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I am starting up on malware analysis, and I am analyzing a file to see if it is packed or obfuscated.

Using PEview I am examining the .text, .rdata and .data headers.

I know that if there is a big difference between the Virtual Size (size consumption on the memory) and Size on Disk, then it is probably packed.

My question is, what should I conclude from each scenario?

  • Virtual size = Size on Disk
  • Virtual size > Size on Disk (bigger with a considerable amount, not just some bits)
  • Virtual size < Size on Disk (smaller with a considerable amount, not just some bits)
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from my experience I have seen that most of the time there's unpacker stub is at the end of the PE which is in most case padded with zero bytes –  user1064504 Aug 1 '12 at 13:46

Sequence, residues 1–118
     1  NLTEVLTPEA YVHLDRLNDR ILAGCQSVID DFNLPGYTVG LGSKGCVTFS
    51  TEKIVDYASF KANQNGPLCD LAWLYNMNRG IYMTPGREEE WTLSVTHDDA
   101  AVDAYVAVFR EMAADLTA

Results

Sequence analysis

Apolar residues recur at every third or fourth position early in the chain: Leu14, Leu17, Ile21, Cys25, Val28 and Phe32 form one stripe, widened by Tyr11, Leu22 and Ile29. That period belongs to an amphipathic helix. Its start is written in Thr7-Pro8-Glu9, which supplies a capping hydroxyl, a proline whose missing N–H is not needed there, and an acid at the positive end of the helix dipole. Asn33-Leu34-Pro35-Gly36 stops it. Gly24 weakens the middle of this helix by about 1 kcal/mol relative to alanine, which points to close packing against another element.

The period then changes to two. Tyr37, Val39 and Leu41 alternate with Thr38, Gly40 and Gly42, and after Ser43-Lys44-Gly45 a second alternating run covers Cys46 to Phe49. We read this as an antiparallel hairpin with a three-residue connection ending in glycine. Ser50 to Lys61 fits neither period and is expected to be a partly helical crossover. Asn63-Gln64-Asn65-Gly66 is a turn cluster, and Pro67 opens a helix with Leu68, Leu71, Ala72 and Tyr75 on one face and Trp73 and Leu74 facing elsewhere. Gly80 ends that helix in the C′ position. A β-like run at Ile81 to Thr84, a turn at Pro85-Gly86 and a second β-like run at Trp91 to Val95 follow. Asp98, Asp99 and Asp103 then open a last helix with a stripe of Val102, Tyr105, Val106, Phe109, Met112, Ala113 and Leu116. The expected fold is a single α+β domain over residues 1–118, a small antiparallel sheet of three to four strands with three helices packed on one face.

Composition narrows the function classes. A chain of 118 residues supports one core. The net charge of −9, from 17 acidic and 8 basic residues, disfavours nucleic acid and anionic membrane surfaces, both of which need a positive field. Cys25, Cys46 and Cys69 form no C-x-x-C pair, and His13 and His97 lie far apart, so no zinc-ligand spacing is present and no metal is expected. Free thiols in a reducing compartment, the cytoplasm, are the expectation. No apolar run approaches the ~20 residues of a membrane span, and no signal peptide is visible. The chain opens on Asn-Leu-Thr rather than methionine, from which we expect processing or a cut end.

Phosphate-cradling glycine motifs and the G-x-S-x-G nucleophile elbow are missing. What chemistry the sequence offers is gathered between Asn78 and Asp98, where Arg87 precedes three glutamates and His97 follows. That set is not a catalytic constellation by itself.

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The raw size is as it appears in the filesection. The Virtual Size is how large it will be during runtime. Often malware will modify these memory segments during runtime. These segments could be modified without changing the virtual size, but often that is not that case. A way of thinking about this is that they "unpack" themselves from a container such that looking at the static binary will not provide much insight into the inner workings of the binary.

If you where to view these segments while they where running with a debugger such as ollydbg or windbg you will probably have a more accurate view of malware. However, malware are often utilizing anti-debuggin measures. By contrast there are anti-anti-debugging plugins for ollydbg. Its a game of cat and mouse.

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Can you explain to me the "basic" conclusions I should make when examining each scenario out of the three? For example - Virtual Size is noticeably bigger Size on Disk, I should conclude that it is a packed executable and hence I should suspect it? –  Franko Jun 20 '12 at 9:27
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